In the late 1940s, psychologists Leon Festinger, Stanley Schachter, and sociologist Kurt Back began to wonder how friendships form. Why do some strangers build lasting friendships, while others struggle to get past basic platitudes? Some experts, including Sigmund Freud, explained that friendship formation could be traced back to infancy, where children acquire the values, beliefs, and attitudes that would bind or separate them later in life. Festinger, Schachter and Back believed though that physical space was the key to friendship formation; that friendships are likely to develop on the basis of brief and passive contacts made going to and from home or walking about the neighborhood. In their view, it wasn’t so much that people with similar attitudes became friends, but rather that people who passed each other during the day tended to become friends and so came to adopt similar attitudes over time.
The researchers devised a famous long term experiment in their students’ dormitory. They tracked how and with whom friendships formed and at the end of each semester, after students had moved into their rooms and analyzed the locations and distances respectively between those who formed friendships and those who don’t. Festinger, Schachter and Beck would confirm their assumptions: spatial proximity is the first denominator to decide if friendships form or not; attitudes are secondary. They even found that students who live close to an elevator or a staircase are more popular than those whose room is located in the dead end of an aisle, because there is a higher probability to run into others. This human condition is now called propinquity.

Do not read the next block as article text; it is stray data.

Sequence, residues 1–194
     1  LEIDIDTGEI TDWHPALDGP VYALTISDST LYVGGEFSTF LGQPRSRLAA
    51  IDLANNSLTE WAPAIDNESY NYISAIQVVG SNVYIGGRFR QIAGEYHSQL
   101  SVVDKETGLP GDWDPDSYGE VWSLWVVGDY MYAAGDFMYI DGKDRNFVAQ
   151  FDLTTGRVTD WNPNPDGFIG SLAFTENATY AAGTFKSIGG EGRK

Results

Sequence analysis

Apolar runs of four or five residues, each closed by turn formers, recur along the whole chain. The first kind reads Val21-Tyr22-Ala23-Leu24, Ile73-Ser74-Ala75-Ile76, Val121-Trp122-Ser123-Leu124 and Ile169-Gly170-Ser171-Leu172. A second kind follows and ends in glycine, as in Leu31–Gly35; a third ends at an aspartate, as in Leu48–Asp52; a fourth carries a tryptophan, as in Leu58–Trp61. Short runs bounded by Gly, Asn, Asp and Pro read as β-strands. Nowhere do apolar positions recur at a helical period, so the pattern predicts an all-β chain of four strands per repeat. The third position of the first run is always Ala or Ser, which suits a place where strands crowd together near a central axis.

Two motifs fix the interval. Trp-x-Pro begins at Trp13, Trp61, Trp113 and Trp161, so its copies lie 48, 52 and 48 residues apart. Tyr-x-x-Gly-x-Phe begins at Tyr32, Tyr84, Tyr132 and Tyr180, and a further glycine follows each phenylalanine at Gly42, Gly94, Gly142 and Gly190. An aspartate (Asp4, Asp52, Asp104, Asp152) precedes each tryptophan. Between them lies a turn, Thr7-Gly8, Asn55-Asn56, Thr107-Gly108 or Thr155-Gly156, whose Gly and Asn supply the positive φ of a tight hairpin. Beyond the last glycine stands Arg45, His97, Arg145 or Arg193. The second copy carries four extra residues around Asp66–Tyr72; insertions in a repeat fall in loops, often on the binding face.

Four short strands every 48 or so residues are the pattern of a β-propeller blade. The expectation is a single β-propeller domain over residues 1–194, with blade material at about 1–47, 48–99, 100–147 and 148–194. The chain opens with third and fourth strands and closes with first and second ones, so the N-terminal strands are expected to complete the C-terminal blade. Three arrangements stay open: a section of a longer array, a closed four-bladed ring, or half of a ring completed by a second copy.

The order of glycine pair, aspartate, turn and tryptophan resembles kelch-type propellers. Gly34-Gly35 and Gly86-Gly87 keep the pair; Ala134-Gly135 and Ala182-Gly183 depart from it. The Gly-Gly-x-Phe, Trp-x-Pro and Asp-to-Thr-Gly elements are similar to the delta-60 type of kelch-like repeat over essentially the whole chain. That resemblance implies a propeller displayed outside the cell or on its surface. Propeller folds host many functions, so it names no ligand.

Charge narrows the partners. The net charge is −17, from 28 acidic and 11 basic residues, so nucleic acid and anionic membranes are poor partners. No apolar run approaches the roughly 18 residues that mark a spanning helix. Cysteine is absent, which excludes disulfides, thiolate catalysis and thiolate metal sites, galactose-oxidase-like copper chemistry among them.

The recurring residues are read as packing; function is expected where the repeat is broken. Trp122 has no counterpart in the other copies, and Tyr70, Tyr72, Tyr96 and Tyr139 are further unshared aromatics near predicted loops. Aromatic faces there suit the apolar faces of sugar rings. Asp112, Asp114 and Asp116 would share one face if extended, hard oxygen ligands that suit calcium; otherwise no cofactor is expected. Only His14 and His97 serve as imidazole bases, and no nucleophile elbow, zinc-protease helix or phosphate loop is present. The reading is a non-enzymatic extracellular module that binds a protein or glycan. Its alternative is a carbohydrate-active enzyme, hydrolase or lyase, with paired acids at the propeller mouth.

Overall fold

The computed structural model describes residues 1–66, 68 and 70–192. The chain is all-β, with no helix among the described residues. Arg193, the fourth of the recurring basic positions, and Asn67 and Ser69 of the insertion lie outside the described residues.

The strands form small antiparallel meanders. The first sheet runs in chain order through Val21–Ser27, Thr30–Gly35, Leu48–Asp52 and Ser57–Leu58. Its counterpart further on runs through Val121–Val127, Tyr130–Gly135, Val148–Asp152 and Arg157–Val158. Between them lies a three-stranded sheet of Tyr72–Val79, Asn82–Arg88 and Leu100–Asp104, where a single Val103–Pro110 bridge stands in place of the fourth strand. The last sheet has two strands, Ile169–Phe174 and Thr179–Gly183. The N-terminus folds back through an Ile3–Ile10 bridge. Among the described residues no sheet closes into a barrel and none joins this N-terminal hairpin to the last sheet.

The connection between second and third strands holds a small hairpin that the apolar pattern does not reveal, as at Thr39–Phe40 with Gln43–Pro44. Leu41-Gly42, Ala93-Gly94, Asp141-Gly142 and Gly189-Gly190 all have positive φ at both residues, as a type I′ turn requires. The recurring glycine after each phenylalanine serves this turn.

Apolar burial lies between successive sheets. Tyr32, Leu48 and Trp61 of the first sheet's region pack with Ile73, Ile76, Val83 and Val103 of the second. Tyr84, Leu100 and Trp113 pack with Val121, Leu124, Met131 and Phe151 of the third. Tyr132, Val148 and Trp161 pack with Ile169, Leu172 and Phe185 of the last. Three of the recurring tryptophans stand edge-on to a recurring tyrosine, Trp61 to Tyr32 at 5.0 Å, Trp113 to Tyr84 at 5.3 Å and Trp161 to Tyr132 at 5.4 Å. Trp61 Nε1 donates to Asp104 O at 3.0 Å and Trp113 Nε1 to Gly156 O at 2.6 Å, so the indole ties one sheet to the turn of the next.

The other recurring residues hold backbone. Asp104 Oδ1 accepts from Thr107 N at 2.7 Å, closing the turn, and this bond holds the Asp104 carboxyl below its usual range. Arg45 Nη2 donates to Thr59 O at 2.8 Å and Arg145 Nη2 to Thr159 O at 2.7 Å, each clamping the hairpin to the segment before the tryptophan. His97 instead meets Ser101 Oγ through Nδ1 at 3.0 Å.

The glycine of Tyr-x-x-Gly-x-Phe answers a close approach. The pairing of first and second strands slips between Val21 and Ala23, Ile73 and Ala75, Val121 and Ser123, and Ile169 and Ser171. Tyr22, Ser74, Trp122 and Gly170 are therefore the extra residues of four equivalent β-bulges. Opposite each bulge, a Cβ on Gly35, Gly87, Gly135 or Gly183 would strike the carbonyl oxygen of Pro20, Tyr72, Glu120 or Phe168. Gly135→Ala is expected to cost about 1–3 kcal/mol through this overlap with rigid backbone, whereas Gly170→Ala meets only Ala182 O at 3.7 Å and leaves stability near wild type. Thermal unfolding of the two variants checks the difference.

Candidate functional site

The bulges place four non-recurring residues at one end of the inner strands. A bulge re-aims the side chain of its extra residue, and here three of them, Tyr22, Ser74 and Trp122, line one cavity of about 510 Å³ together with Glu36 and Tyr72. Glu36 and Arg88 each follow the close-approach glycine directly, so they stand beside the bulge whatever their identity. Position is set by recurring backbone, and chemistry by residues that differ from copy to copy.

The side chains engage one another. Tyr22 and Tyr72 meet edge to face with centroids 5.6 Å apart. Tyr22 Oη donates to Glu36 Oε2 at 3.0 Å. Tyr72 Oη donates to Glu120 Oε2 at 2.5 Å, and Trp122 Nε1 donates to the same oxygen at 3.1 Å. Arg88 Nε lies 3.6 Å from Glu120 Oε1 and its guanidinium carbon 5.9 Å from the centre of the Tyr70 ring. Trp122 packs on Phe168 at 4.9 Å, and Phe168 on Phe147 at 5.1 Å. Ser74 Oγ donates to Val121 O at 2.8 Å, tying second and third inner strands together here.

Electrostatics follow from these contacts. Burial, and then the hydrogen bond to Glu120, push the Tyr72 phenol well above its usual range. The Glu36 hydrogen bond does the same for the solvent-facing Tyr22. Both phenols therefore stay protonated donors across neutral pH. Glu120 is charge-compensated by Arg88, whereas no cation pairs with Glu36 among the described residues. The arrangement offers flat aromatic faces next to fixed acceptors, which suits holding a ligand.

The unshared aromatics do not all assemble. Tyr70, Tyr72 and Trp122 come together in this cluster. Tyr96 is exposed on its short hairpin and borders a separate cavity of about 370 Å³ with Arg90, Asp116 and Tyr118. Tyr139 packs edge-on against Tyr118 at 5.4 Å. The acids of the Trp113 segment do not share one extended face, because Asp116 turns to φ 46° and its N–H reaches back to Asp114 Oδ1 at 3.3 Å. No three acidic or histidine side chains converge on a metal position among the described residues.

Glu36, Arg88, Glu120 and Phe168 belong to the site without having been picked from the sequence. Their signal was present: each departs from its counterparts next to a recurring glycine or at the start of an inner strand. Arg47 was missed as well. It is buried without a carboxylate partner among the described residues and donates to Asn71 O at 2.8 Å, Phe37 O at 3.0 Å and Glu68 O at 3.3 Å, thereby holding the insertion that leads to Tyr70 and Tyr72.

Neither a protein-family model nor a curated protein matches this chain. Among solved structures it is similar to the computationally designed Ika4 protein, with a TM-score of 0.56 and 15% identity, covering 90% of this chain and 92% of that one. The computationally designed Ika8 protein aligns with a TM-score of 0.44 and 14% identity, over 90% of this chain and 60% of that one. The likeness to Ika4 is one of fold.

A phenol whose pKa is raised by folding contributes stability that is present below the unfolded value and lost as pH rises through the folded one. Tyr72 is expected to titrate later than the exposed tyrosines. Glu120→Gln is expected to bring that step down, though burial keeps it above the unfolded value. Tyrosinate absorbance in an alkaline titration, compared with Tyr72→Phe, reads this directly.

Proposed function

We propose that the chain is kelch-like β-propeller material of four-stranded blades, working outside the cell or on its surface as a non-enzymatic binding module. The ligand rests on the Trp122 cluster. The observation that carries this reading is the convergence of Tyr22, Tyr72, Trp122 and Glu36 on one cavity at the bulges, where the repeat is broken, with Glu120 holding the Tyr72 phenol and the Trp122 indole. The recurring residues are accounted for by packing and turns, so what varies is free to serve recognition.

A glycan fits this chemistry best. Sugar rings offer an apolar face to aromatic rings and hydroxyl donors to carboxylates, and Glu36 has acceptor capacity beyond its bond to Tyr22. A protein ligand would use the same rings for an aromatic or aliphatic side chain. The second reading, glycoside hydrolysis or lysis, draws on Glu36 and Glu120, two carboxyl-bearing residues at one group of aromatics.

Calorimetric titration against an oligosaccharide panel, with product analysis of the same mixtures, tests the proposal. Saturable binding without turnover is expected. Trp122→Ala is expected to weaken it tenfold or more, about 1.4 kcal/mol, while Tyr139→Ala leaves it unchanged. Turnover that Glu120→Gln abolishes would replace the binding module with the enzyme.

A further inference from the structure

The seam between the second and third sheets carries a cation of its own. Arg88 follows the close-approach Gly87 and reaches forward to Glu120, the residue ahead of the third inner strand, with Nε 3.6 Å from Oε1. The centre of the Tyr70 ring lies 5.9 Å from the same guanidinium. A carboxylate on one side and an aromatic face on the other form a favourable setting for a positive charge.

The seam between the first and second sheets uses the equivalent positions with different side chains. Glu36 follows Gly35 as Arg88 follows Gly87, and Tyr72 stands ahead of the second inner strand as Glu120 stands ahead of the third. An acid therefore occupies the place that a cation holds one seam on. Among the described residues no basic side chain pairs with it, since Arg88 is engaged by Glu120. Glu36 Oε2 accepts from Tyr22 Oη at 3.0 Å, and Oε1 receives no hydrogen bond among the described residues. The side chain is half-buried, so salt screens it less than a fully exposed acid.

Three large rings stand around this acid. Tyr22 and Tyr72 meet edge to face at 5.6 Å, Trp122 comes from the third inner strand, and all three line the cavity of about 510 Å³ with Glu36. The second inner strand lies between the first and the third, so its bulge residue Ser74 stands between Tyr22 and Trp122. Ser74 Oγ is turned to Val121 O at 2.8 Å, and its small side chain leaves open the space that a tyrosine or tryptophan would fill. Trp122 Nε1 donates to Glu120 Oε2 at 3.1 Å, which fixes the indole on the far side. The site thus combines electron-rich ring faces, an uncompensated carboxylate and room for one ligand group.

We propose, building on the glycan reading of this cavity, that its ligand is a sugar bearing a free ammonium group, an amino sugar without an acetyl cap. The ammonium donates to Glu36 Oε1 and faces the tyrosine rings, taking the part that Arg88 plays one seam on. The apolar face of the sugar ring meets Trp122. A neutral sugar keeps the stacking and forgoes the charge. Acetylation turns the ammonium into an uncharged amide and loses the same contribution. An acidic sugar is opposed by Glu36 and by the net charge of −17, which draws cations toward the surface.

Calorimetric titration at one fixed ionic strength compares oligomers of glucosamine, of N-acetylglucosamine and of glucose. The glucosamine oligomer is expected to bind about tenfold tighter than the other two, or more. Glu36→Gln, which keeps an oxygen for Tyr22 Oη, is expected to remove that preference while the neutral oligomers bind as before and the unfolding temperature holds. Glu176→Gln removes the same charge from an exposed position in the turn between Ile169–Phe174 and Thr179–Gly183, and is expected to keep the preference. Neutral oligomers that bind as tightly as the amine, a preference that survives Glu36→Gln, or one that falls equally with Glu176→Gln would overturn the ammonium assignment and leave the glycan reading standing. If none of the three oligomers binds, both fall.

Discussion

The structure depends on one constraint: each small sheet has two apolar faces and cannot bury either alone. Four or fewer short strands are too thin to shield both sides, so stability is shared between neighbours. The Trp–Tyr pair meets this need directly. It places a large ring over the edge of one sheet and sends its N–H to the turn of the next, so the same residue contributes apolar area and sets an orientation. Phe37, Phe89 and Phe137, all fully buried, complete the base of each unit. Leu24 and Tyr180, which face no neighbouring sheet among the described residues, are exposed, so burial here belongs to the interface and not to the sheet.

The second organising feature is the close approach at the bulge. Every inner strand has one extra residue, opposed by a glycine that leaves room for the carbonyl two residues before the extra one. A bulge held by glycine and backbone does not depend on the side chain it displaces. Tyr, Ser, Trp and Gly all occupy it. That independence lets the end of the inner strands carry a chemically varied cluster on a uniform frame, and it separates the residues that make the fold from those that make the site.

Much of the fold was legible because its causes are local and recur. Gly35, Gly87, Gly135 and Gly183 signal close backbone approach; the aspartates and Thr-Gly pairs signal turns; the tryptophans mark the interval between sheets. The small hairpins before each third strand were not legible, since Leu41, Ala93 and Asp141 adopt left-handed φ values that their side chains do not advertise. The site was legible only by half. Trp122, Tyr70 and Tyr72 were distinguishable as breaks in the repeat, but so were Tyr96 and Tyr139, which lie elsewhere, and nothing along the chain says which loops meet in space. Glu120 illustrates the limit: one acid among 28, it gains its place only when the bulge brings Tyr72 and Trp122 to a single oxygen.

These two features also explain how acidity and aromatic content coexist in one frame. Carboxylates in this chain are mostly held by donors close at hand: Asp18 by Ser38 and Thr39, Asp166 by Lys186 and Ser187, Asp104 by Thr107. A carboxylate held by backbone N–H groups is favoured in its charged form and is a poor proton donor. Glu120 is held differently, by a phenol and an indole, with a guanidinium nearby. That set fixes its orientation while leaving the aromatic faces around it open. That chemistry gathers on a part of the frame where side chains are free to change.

Despite the overwhelming
scientific evidence that human beings need a variety of strong relationships to lead healthy and satisfied lives, modern architecture and city planning follows an economic instead of a social paradigm. Buildings are geared towards profit maximization and reflect the gradual dissolution of social entities like tribes, villages and extended families. 50% of Americans live in single households, 96% of Japanese live in cities. China and India are eager to catch up because the trajectory of industrialized nations promises GDP growth. Open and public spaces are mostly designed to show off national or municipal grandeur rather than offering opportunities for authentic interaction. Most urban areas center around a small number of attractions which are connected by traffic arteries with the suburbs, out of which one can only escape by car. We have built an environment which is detrimental to physical and mental health.
If you join us in a Parrot Tree we hope that you will leave with new acquaintances or even friends, because we try to design time and space to let bonding happen.